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For me, 2019 is the year I tried to switch to organic deodorant.
I have stunk and sweated my way through this year, searching for a hippy alternative to the perfectly functional deodorant I had been using for years. All because I saw a headline that said aluminium gives you Alzheimer’s… or something.
I don’t know how or why or even if that’s true; I don’t read past headlines anymore, I just instantly believe bad news. You can only sell me something by telling me what I have been doing is wrong, because that would be right. Of course I picked the Alzheimer’s deodorant. I’m an idiot! My worldview is that if everything seems OK, we’re probably just not in possession of all the facts.
Plus, there is so much wrong with the world that I can’t fix, I feel like deodorant is a step I can take for humanity, you know? I don’t even know if my grandparents had deodorant; it certainly wasn’t something that kept them awake at night. Vanity and consumption – ethical or not – were not really on their agenda.
My grandparents just had to work or look after kids and the whole time, they could drink, smoke, and gamble.
But these days, you’ve got to work, look after kids, go to the gym, don’t drink, don’t smoke, drink heaps of water, don’t overeat – starve a bit, but not too much – do yoga, drink more water, pay the mortgage, buy an investment property, contribute to super but never retire. You’ve got to take flashy holidays, cook like a chef, give to charity, be a good neighbour, be a good listener, be a people person, be a lifelong learner, be spiritual, set an example, leave a legacy. You’ve got to read more, sleep more – sleep less, no, sleep better! – reduce your carbon footprint, count your steps, and check your privilege.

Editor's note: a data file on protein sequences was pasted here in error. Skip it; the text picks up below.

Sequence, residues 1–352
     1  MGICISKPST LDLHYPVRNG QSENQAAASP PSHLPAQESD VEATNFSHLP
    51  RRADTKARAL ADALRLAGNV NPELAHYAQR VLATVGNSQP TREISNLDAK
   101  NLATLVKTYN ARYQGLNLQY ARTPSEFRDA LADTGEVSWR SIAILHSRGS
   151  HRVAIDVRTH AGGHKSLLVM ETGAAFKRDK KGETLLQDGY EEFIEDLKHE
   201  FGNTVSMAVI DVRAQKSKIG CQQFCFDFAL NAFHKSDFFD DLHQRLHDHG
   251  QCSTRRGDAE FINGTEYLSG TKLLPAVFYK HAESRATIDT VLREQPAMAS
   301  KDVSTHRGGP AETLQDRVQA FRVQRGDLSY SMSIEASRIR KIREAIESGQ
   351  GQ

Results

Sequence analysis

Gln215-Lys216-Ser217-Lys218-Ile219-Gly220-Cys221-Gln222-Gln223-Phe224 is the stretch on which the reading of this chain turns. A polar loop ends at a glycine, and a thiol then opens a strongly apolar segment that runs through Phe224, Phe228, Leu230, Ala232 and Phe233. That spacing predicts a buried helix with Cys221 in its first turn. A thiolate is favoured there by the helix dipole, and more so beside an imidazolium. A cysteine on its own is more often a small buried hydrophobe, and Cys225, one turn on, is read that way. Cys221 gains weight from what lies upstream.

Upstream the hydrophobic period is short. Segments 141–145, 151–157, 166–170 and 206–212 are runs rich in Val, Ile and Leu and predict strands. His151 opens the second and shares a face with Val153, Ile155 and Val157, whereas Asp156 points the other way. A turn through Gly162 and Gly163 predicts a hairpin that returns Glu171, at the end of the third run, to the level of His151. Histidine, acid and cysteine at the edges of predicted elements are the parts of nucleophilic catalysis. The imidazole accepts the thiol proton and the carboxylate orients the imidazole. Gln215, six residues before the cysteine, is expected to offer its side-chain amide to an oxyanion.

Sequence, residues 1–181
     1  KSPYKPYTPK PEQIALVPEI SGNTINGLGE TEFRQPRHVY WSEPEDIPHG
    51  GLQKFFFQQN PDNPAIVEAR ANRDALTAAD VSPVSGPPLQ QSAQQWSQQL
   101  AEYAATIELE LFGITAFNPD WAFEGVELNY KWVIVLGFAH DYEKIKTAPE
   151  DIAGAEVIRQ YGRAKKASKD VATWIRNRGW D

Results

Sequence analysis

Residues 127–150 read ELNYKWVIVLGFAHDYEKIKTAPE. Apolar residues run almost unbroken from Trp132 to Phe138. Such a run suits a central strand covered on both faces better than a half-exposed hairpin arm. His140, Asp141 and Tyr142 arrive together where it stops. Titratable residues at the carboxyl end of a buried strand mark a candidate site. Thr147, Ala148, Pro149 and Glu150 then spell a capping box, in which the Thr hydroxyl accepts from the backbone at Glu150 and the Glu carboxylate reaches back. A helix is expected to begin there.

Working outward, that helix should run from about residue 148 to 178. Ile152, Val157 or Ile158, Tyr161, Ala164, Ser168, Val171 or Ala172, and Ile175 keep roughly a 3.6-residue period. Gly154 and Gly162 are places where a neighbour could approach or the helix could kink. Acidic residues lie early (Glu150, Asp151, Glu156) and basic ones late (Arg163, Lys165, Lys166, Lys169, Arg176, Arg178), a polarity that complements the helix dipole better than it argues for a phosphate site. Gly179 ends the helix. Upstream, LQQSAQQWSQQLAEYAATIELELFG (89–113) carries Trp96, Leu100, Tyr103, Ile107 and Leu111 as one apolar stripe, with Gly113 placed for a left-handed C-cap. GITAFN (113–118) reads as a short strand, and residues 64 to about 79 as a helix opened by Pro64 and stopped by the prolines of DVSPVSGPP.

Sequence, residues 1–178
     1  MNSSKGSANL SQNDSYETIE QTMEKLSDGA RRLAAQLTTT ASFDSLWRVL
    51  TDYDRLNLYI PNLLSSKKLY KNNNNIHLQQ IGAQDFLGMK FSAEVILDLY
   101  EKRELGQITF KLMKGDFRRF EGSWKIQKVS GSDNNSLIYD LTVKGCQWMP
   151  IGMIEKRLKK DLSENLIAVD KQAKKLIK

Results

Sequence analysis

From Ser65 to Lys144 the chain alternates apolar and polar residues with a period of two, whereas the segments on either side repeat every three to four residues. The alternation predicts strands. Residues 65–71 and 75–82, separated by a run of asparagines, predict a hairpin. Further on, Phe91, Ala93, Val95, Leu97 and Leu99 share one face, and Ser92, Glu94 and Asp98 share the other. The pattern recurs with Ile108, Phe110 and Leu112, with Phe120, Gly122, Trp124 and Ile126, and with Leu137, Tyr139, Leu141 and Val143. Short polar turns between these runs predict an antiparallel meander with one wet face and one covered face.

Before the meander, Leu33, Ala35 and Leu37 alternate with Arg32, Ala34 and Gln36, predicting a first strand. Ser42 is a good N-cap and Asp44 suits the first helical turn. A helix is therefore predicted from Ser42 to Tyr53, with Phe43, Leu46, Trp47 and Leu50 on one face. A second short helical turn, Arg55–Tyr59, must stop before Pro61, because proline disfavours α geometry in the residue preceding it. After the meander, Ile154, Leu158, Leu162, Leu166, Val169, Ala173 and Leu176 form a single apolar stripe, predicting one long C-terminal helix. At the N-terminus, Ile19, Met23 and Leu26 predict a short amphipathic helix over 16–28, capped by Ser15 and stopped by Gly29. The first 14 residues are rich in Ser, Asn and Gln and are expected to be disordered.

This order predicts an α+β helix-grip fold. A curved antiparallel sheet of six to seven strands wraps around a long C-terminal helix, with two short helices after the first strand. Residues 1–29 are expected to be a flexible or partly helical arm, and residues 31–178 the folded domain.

And at the end of all of that, you’ve got to be grateful.
Honestly, no wonder almost half of us will experience a mental illness in our lifetime. How could we not?
My whole life is a thin veneer of respectability hiding the anarchy below. I don’t necessarily need to BE successful or a good person, I just want to appear to be with as little effort as possible.
But they keep raising the bar about what you have to look like you’re achieving. We’re rated on more things now. It used to be good enough to just have a job. Now, if you say you’ve got a job someone’s going to ask: “Are you passionate about it? Does it fill your cup? Does it speak to you on a ….spiritual level?”
I don’t want to be a superhero. I just thought I’d start using a healthier deodorant. I’ve probably spent about $200 and gone through four different types so far. One woman at the markets sold me a roll-on that’s grey and stains white shirts. When she sold it to me, she warned me about that and said: “Also, if it tingles when you put it on, that means you’re lacking magnesium.”
“Can’t you just make it, I don’t know, better?” I wanted to ask.
Why does the doing-the-right-thing thing have so many drawbacks? It’s like they just fill a tube with salad dressing and dreams and sell it for $50 to people who are terrified of climate change and death.
I am about to go back to the old deodorant, because I don’t even want to remember how much I stank in the Year of the Pig.
Chris Ryan’s solo show I Thought It Would Be Nice will run at the Courtyard Theatre, Canberra Theatre Centre at 7pm on Friday 20 & Sat 21 March as part of the Canberra Comedy Festival. Links to that and other gigs that Chris runs are on www.chrisyancomedy.com